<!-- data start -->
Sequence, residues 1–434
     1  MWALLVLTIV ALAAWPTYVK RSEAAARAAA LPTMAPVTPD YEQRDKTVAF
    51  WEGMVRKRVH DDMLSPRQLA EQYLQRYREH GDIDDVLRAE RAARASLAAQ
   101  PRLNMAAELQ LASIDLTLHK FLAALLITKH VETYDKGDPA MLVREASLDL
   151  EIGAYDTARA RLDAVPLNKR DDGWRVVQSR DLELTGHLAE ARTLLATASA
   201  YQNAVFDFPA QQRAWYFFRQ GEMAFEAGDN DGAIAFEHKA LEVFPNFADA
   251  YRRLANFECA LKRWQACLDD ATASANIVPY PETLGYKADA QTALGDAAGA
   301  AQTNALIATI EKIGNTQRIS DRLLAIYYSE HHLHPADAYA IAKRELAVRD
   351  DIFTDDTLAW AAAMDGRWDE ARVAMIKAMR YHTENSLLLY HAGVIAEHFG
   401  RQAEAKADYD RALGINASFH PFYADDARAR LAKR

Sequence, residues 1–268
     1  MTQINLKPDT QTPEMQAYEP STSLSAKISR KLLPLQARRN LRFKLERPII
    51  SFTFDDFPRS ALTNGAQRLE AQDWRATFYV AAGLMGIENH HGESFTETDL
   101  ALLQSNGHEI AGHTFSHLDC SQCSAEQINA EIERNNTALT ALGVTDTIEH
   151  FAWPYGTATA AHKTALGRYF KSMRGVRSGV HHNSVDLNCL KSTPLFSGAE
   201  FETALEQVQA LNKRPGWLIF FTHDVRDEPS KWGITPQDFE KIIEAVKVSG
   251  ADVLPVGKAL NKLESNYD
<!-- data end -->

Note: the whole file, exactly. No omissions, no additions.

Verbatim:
Sequence, residues 1–434
     1  MWALLVLTIV ALAAWPTYVK RSEAAARAAA LPTMAPVTPD YEQRDKTVAF
    51  WEGMVRKRVH DDMLSPRQLA EQYLQRYREH GDIDDVLRAE RAARASLAAQ
   101  PRLNMAAELQ LASIDLTLHK FLAALLITKH VETYDKGDPA MLVREASLDL
   151  EIGAYDTARA RLDAVPLNKR DDGWRVVQSR DLELTGHLAE ARTLLATASA
   201  YQNAVFDFPA QQRAWYFFRQ GEMAFEAGDN DGAIAFEHKA LEVFPNFADA
   251  YRRLANFECA LKRWQACLDD ATASANIVPY PETLGYKADA QTALGDAAGA
   301  AQTNALIATI EKIGNTQRIS DRLLAIYYSE HHLHPADAYA IAKRELAVRD
   351  DIFTDDTLAW AAAMDGRWDE ARVAMIKAMR YHTENSLLLY HAGVIAEHFG
   401  RQAEAKADYD RALGINASFH PFYADDARAR LAKR

Sequence, residues 1–268
     1  MTQINLKPDT QTPEMQAYEP STSLSAKISR KLLPLQARRN LRFKLERPII
    51  SFTFDDFPRS ALTNGAQRLE AQDWRATFYV AAGLMGIENH HGESFTETDL
   101  ALLQSNGHEI AGHTFSHLDC SQCSAEQINA EIERNNTALT ALGVTDTIEH
   151  FAWPYGTATA AHKTALGRYF KSMRGVRSGV HHNSVDLNCL KSTPLFSGAE
   201  FETALEQVQA LNKRPGWLIF FTHDVRDEPS KWGITPQDFE KIIEAVKVSG
   251  ADVLPVGKAL NKLESNYD